It started when an alert broker called to let Alan Sims know that $3,360 was being withdrawn weekly from his 103-year-old friend’s brokerage account. Turns out that a live-in caretaker was padding her hourly wages, writing checks of varying amounts that could have pushed her annual salary to more than $165,000 a year.
Sims, executor of his elderly friend’s estate, and her attorney had to step in and confront the caregiver, who was immediately fired.
“It was devastating,” said Sims, recalling the events eight years later. “Not only the amount of money that was taken, but the trust that was broken.”
Sadly, it’s not unusual. Every year, thousands of examples of elderly financial abuse occur, often at the hands of friends, family or caregivers. In 2010, the annual amount of losses due to financial exploitation of seniors was estimated at $2.9 billion, according to a study by the MetLife Mature Market Institute and the National Committee for the Prevention of Elder Abuse.
“Unfortunately, it’s a lot more common than we like to think,” said Marylou Robken, a Carmichael CPA who has worked as a forensic investigator on dozens of elderly abuse cases in the last 15 years. “So many elderly people are isolated, and they may not even know that something’s wrong.”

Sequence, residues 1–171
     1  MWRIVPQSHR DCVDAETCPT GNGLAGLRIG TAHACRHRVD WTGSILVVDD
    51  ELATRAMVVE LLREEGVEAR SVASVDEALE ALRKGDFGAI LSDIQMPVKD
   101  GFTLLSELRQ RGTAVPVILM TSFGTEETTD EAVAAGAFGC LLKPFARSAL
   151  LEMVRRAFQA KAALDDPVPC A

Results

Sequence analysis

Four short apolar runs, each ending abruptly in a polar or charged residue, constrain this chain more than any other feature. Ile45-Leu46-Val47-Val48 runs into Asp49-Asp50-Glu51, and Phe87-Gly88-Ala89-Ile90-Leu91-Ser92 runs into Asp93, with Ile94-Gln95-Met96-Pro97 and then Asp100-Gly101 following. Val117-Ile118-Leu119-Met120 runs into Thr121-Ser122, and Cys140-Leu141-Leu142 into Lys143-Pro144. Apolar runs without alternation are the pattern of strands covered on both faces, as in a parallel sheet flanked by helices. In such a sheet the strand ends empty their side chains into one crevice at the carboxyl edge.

Certainly, financial exploitation of seniors is nothing new. In recent years, local, state and national organizations have attacked the problem on numerous fronts, encouraging more awareness, better reporting and stiffer penalties.
Plenty of older Americans are more than capable of handling their own affairs and value their independence. But for many, “admitting that we can no longer manage our financial affairs can be as traumatic as having to give up driving,” notes Eleanor Blayney, consumer advocate for the Certified Financial Planner Board in Washington, D.C.